Quality Improvement (QI) is not just a method, but a systematic approach to improve the performance and effectiveness of the organization, such as the effectiveness of the
existing Quality Management System (QMS)
. An unchanged system will never improve by itself, external impact is necessary in order
to enhance it. Unambiguous, evidence-based and transparent actions and interventions are needed to increase effectiveness in any kind of system, process, or complex operation.
Plenty of previously developed models and trends exist, depending on industry sectors. Some examples:
- Total Quality Management (TQM)
- Plan – Do – Check – Act (PDCA)
- 6 Sigma improvement principles: define, measure, analyse, improve and control (DMAIC)
Of course all models highly overlap each other, and the basic fundamentals are the same. In the end the final goal is always the same: to do it better compared to the
previous state (e.g. lean processes, increased quality level, more effective operation).
Improvement can be a simple process improvement, but even a company-wide strategic change, that enhances quality and effectiveness.
Quality Improvement (QI) gives feedback to Quality Planning (QP)
through the lessons learned process,
by sharing the experiences, information, data, methods, technologies and using them during the planning of the next product or service. It can lead to the improvement of product- or process design.
Diagram about the Juran trilogy (Source: Joseph M. Juran - Juran's Quality Handbook)
Quality- and process improvement approach is used in many sectors. ISO 9001
and the automotive-specific
are also emphasizing continual improvement, and the PDCA methodology, but the need of improvement has been reflected in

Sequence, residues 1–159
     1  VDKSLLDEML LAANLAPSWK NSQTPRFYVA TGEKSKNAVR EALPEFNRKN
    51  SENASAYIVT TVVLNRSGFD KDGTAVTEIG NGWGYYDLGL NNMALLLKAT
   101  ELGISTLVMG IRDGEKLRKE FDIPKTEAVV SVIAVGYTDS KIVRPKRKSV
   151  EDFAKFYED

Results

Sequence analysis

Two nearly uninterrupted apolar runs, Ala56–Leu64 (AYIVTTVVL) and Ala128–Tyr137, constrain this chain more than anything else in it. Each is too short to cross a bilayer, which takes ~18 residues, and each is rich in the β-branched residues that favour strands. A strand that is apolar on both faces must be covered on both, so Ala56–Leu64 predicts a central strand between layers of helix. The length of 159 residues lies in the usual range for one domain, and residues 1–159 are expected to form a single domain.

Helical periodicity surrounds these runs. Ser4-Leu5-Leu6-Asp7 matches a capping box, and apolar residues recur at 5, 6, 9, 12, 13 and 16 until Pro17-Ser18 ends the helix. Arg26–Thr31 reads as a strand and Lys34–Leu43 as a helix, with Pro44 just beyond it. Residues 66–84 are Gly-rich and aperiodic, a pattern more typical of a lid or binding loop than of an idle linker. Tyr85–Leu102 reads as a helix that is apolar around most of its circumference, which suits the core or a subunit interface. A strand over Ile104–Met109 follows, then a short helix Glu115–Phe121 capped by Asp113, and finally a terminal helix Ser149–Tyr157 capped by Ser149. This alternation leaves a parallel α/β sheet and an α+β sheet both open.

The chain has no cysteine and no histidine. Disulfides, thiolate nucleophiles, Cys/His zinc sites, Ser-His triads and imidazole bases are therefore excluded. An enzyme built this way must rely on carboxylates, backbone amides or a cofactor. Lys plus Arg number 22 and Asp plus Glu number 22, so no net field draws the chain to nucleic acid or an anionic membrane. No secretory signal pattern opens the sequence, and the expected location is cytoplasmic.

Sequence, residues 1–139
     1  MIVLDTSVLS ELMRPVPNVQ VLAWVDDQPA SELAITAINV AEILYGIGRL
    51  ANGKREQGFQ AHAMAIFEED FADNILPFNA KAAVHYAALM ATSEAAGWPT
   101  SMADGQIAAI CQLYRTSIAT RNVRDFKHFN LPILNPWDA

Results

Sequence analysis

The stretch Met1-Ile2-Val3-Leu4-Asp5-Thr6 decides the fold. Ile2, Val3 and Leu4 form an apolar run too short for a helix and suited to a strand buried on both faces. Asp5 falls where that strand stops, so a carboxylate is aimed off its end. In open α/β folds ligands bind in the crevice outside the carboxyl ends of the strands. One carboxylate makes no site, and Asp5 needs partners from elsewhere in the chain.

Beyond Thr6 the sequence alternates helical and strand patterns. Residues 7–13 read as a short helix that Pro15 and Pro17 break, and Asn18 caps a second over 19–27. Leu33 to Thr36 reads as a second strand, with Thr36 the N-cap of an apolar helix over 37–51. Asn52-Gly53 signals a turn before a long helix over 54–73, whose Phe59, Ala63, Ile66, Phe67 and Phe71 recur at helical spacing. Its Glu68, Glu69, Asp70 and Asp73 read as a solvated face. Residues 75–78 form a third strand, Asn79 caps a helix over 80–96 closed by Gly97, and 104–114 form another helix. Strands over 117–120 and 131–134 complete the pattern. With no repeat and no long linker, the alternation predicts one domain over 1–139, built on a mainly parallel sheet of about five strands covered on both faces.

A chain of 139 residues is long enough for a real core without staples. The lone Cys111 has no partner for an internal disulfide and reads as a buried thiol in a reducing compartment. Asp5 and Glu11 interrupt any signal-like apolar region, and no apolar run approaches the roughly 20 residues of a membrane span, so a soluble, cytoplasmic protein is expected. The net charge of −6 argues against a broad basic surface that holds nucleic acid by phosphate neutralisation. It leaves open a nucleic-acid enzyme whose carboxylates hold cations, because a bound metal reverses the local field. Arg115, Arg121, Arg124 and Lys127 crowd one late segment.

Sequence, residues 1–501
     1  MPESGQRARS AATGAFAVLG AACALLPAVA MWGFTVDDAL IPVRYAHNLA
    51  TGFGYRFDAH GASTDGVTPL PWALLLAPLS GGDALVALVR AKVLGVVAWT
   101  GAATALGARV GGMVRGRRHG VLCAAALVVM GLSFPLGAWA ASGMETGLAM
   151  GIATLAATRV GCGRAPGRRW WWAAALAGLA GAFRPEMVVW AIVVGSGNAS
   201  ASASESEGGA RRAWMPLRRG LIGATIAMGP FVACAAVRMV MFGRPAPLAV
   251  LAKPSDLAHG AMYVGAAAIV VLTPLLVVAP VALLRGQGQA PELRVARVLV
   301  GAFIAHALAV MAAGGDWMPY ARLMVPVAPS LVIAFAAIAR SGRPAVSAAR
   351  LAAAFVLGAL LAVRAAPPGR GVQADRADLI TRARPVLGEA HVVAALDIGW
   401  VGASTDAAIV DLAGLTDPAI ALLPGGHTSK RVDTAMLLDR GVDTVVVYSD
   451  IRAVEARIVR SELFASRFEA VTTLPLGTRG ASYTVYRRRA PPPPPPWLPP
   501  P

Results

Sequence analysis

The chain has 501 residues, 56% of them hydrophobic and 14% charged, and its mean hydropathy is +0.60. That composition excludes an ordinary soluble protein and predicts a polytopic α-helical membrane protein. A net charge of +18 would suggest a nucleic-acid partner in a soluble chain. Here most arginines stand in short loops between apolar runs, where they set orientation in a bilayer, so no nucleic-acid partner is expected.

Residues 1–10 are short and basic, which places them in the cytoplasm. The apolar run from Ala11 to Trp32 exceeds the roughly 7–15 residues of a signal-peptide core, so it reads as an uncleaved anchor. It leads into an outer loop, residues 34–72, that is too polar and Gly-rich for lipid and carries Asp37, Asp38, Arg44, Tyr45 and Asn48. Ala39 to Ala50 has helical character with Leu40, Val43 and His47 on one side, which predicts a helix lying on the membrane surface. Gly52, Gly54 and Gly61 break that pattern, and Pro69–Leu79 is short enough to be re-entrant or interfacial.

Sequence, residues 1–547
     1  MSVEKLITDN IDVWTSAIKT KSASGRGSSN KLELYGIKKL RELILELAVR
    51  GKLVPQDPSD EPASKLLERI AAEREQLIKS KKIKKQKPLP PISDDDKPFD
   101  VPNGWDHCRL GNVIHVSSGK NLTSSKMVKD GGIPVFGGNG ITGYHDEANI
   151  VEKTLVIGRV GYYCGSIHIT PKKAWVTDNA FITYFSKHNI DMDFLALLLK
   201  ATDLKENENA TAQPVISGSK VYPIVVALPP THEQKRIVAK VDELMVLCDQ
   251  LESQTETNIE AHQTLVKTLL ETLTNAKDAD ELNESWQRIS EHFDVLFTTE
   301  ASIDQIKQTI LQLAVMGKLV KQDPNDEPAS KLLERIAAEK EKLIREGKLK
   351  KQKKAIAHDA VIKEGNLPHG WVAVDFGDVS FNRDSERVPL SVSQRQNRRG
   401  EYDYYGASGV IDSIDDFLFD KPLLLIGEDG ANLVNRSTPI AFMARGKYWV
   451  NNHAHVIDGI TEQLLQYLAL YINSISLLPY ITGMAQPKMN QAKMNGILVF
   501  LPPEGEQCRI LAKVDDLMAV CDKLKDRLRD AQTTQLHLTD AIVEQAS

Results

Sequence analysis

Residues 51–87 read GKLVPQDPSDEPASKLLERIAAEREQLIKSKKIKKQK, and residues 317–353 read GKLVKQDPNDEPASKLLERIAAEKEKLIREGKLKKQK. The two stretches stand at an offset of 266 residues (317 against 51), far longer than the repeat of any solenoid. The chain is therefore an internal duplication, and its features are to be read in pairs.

many other standards or specifications covering various industries, such as:
- Healthcare (ISO/TS 22367:2008: Medical laboratories -- Reduction of error through risk management and continual improvement)
- IT Management (ISO/IEC 15504-4:2004: Information technology - Process assessment - Part 4: Guidance on use for process improvement and process capability determination)
- IT Management (ISO/IEC TR 33014:2013: Information technology -- Process assessment -- Guide for process improvement)
- Industry-independent (ISO 13053-1:2011: Quantitative methods in process improvement -- Six Sigma -- Part 1: DMAIC methodology)
Source: qMindset.com; ISO.org; Joseph M. Juran - Juran's Quality Handbook
Quality improvement must be proactive and continuous, and it must be realistic. Before deciding about an improvement – let it be a simple process improvement, or a complex
system enhancement – consider whether this improvement is life-like, and achievable. Many decision makers initiate quality improvements, which only exist on paper, and will never be living, because of unrealistic
Try to make it simple and lean. Changing something to more simply is already a success and a real improvement. Identify process gaps, and also redundant processes, that are
not necessary, and can be eliminated. Cutting weight off the organization helps reducing failures and unnecessary effort (that energy should be used somewhere else).
Use best practices from your organization (department to department), or share and adapt ideas on industry-wide workshops, conventions. It is a general misunderstanding, that
competitors only balk each other.
The IATF 16949:2016 - and the preceding ISO/TS 16949:2009
- order the certified companies to maintain
continual improvement in manufacturing processes, related to reduced variation in process parameters, and product characteristics.